Hong Kong is still vital to China, while most global banks have a presence in China, liquidity that dictates where trading takes place, when it comes to the equity markets, that resides firmly in Hong Kong. Shanghai simply hasn’t kept pace, and won’t be able to, unless and until Beijing is willing to revisit the issue of capital controls.
Since Hong Kong passed from British rule to China in 1997, the territory has been governed under the “one country, two systems” approach. It’s China but it’s not China, and that approach recognized the freewheeling capitalist system that had taken root in the decades leading up to the 1997 handover.
Hong Kong’s civil servants returned to work and schools were reopening Monday as a massive pro-democracy protest that has occupied much of the city center for the week dwindled.
Student demonstrators say they have taken early steps to begin talks with the government on their demands for wider political reforms, but actual negotiations have not started and many disagreements remain.
At the government headquarters, where some protesters agreed to remove barriers blocking roads Sunday ahead of the government’s deadline to scale back their protests, the scene was orderly as government officials arrived for work as a few dozen remaining protesters looked on.
The crowds had thinned markedly after a week that saw tens of thousands of people fill the streets in peaceful protest. In Mong Kok, another protest site across the harbor where protesters had clashed violently with their opponents, a few hundred activists were staying put at the sit-in site.
Some activists disagree with the partial withdrawal at government headquarters, and an alliance of students say they will keep up their protests until details of the talks are worked out.
“If the government uses force to clear away protesters, there will be no room for dialogue,” Lester Shum, one of the group’s leaders, told reporters.
Alex Chow, another student leader, said he was not worried about the crowd dwindling.
“Because people need rest, but they will come out again. It doesn’t mean the movement is diminishing. Many people still support it,” Chow said.
Students occupying an area just outside city government headquarters agreed to remove some barricades that were blocking the building’s entrance, after the government said it would do whatever was necessary to ensure 3,000 civil servants would have full access to their offices on Monday.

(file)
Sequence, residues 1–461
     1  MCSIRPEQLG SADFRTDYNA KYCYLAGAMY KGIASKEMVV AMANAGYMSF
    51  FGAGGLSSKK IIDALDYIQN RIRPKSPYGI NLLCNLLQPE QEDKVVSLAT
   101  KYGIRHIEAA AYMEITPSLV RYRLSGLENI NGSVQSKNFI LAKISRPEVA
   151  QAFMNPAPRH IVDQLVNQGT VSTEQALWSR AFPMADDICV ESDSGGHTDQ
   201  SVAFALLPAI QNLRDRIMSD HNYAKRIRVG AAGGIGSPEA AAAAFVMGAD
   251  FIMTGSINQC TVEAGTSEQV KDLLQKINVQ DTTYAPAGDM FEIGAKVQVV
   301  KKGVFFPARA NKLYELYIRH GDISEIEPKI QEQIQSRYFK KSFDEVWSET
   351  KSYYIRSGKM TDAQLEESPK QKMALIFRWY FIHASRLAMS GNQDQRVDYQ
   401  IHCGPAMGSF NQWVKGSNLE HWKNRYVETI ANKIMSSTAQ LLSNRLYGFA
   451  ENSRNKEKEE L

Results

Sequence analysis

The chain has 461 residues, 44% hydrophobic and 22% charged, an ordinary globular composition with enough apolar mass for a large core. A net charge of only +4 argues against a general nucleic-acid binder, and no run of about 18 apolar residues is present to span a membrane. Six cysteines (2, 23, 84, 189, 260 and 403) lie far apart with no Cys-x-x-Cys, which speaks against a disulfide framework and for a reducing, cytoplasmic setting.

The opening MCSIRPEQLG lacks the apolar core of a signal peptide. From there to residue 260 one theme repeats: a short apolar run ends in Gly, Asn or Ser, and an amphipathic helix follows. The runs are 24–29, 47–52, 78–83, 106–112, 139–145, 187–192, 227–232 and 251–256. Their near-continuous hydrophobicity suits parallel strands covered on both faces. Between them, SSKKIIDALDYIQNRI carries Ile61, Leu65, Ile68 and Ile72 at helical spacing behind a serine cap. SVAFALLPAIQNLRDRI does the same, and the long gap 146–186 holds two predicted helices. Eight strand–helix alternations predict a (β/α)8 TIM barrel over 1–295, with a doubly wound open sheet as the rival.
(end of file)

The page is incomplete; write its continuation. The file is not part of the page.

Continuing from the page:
The partial withdrawal appeared to be part of a strategy to regroup in another part of town, as protesters were urged to shift from other areas to Hong Kong’s Admiralty shopping and business district, a central location near the government’s main offices that has served as an informal headquarters for the protests.
Protesters had feared that officials may clear the streets by force, but by Monday it’s clear the government was settling for a partial victory in clearing some roads. The government indicated some disruptions were likely to continue.
“To restore order, we are determined, and we are confident we have the capability to take any necessary action,” police spokesman Steve Hui said. “There should not be any unreasonable, unnecessary obstruction by any members of the public.”
Television footage showed a man shaking hands with a police officer outside government headquarters and the two sides removing some barricades together. About 300 demonstrators stood by outside the government building’s main entrance, but then many sat back down and refused to leave.
“I’m against any kind of withdrawal or tendency to surrender,” said Do Chan, a protester in his 30s. “I think withdrawing, I mean shaking hands with the police, is a very ugly gesture of surrender.”
The situation remained volatile across the harbor in Hong Kong’s Mong Kok district, a shopping area where ugly confrontations broke out Friday and Saturday after opponents of the protesters tried to force them out. Many demonstrators heeded calls to head home or shift to the Admiralty area. A few hundred, however, remained.
“I don’t know what the next step is, but I will not retreat. The people you see here will not retreat,” said Burnett Tung, an 18-year-old student who has served as a volunteer at a food-supply station outside government headquarters all week.
Tens of thousands of people, many of them students, have poured into the streets of the semi-autonomous city since Sept. 28 to peacefully protest China’s restrictions on the first-ever direct election for Hong Kong’s leader, promised by Beijing for 2017. The protests are the strongest challenge to authorities in Hong Kong — and in Beijing — since the former British colony returned to Chinese rule in 1997.
China has promised that Hong Kong can have universal suffrage by 2017, but it says a committee of mostly pro-Beijing figures must screen candidates for the top job. The protesters also are demanding the resignation of Hong Kong Chief Executive Leung Chun-ying, the city’s current leader. He has refused to step down.
With the standoff stretching into a second week, tempers have flared and patience was waning among residents who oppose the occupation of the streets and the disruption it has brought.
Police said they had arrested 30 people since the start of the protests. Protesters, meanwhile, complained the police were failing to protect them from attacks by mobs intent on driving them away.